Perceptively, I believe, Holloway posits atheism was a tipping point for Hamilton because, no longer were the means illicit, but so too were the actual goals now. For Hamilton, the attack on religion was an assault on reason because it rejected the wisdom tradition had to offer, regardless what an individual may hold about faith. Atrocities such as the regicide of Louis brought “ignominiously to the block,” of which Hamilton also devoted fair space in his letter, are additional components of this hubris, this untethering from tradition and the past. It’s no coincidence Hamilton links these two concurrently: regicide and atheism.

What we see in this chapter is a desirous Alexander Hamilton for the cause of liberty and human fulfillment, yet an Augustinian-infused one that expects the worst of the French plebiscite, because, well…they’re the plebiscite. But the French nobility and “philosophers” are equally guilty: the nobility for their stubbornness and the so-called philosophers for their disordered leadership. And in the end, Hamilton would reject the events in France over the assaults upon Christianity and religion, which he considered assaults upon reason and history, respectively, because of its disregard for the wisdom of the past.

Hamilton versus Jefferson: Commentary, Part 9

Part 8

Part 7

Part 6

Part 5

Part 4

Part 3

Part 2

Part 1

In Chapter 7 Holloway transitions to Hamilton’s Report on Manufactures. What I find most striking is Hamilton’s repudiation of authentic capitalism – partially defined by a true free market as the determiner of the value of goods and services and operating as the engine of economics and industry. In an age when the United States is shifting further left politically, when one of the two major political parties of the country openly advocates policies and politicians that would stand them in anathema even as recently as ten, fifteen years ago for their socialist-like overtones, Hamilton’s Report is as pertinent today as it was in the early 1790s.

Holloway summarizes how the first portion of Alexander Hamilton’s Report on Manufactures is essentially a defense of the misunderstood concept of laissez-faire. Hamilton very much advocated for “natural processes,” i.e., a free and open market, to carry on without artificial interference. “‘Quick-sighted guidance of private interest’ would, ‘if left to itself, infallibly find its own way to the most profitable employment,’ which would also turn out to be the employment most conducive to the ‘public prosperity’” (p. 120). Thus, to have government, or any other outside entity meddling in the market would “shift ‘industry’ from its ‘natural current’” (p. 120). This reads very much like a conservative or libertarian position today.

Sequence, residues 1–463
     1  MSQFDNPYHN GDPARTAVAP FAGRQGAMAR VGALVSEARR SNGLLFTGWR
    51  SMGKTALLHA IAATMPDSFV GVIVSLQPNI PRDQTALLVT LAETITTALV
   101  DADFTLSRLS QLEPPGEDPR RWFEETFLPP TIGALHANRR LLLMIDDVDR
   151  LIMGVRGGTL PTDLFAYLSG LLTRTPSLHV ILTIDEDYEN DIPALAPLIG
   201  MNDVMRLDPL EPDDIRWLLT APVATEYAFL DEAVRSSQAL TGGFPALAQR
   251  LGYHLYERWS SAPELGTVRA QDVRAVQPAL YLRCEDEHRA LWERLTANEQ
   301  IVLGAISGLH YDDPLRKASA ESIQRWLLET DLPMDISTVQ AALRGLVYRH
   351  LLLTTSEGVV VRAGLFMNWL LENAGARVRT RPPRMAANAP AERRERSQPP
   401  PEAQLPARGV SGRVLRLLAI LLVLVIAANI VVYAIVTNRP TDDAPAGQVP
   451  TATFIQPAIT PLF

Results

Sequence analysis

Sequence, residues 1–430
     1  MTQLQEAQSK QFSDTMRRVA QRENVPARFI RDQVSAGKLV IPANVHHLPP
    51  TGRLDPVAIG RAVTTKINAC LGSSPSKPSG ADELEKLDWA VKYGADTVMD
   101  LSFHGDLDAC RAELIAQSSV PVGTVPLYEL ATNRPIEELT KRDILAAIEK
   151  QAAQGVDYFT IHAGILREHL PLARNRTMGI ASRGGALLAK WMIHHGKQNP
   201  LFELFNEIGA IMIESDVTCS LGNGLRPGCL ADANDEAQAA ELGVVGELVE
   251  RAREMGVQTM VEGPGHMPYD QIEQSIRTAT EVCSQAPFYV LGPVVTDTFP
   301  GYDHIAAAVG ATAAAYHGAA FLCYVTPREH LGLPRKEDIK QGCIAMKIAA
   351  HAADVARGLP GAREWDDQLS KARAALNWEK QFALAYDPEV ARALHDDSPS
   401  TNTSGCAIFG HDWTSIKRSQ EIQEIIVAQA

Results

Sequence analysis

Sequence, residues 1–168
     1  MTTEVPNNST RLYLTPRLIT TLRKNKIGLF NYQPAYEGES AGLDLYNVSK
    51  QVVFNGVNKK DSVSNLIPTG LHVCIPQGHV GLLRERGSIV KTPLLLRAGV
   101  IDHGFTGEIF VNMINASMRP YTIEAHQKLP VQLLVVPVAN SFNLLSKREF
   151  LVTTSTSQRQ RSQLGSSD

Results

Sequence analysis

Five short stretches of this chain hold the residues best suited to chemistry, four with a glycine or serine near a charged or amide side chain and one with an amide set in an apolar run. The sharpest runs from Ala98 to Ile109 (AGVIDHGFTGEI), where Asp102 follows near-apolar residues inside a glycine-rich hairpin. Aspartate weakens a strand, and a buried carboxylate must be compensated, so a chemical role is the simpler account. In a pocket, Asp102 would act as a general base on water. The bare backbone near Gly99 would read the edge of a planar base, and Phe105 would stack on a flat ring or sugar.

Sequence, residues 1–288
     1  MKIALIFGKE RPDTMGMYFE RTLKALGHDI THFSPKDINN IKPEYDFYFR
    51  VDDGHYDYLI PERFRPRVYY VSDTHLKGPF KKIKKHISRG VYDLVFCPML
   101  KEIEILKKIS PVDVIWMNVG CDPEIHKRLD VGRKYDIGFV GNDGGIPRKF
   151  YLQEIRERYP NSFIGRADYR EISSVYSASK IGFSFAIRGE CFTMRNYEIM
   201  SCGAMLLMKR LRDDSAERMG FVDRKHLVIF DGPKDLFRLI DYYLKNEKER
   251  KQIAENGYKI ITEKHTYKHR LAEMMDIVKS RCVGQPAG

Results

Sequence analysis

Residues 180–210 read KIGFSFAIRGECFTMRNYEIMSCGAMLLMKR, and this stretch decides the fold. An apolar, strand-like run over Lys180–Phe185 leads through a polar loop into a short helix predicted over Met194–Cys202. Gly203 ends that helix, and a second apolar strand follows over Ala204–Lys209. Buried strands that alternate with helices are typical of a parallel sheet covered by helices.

That said, Hamilton conceded while authentic capitalism was in the best interest of Man, it also worked against Man’s nature and thus did require external intrusion unfortunately. This is again related to Hamilton’s Augustinian conception of humanity – that left to its own devices, humanity does not orient itself toward the Good and True, and instead orients toward, in this context, the path of least resistance. “‘Experience teaches that men are often so governed by what they are accustomed to see and practice’ that they they will only with ‘reluctance’ adopt ‘the simplest and most obvious improvements’ in their ‘ordinary occupations’” (p. 121); in other words, the risk taking authentic capitalism requires is contrary to human nature. Parsing through Hamilton’s words, Hamilton scholars have therefore suggested “Hamilton did not believe that the desire to better our condition was a natural and spontaneous growth” and some outside agency was necessary to spur such innovation (p. 121).

Part of Hamilton’s explanation for observing “experience” demonstrates people will invariably take the path of least resistance, ergo snuffing out creativity and innovation, is the “fear of failure” (p. 121). Sure, there will be the occasional individual that rises above his nature, as Hamilton accepted was possible vis-à-vis morality and virtue (see here once more), but such rarity fails to sufficiently develop the economy as a whole (p. 121). This was Hamilton’s way of saying that such individual creativity and innovation has limited effect unless it is part of a much larger system of creativity and innovation that is society-wide. Further, because risk taking required “not so much the energy of the impulsive” but the virtue of “‘cautious,’ ‘sagacious capitalists,’” Hamilton argued government was necessary to instill confidence in the sorts of individuals Hamilton envisioned as the risk takers because their very virtue would make them wary of “experimenting” (pp. 121-122). In short, government needed to interfere in the market – the “natural currents” – to encourage sufficient numbers of virtuous individuals to take creative, innovative, entrepreneurial risks in the marketplace, in business, in industry, to engender a societal growth that would be lacking without such collective action.

A third reason why the government has to obstruct a free and open market is that the deck is stacked against some players – the playing field isn’t equal. In the context of the Early Republic, Hamilton was specifically referring to established Old World industries that would obviously put nascent American industries at a severe disadvantage. Therefore, the government would have to level this playing field to some extent for the parties involved until there was some semblance of an equal footing (p. 122). Another way to examine this: in the 21st Century no one from Alexander Hamilton’s day or the most ardent capitalist could have ever envisioned globalization – it’s even unfathomable to many people today living it. But globalization, free and open markets on a global scale, can only have exclusively positive benefits when everyone is playing by the same rules and adhering to the same worldview. This was Hamilton’s point in his Report.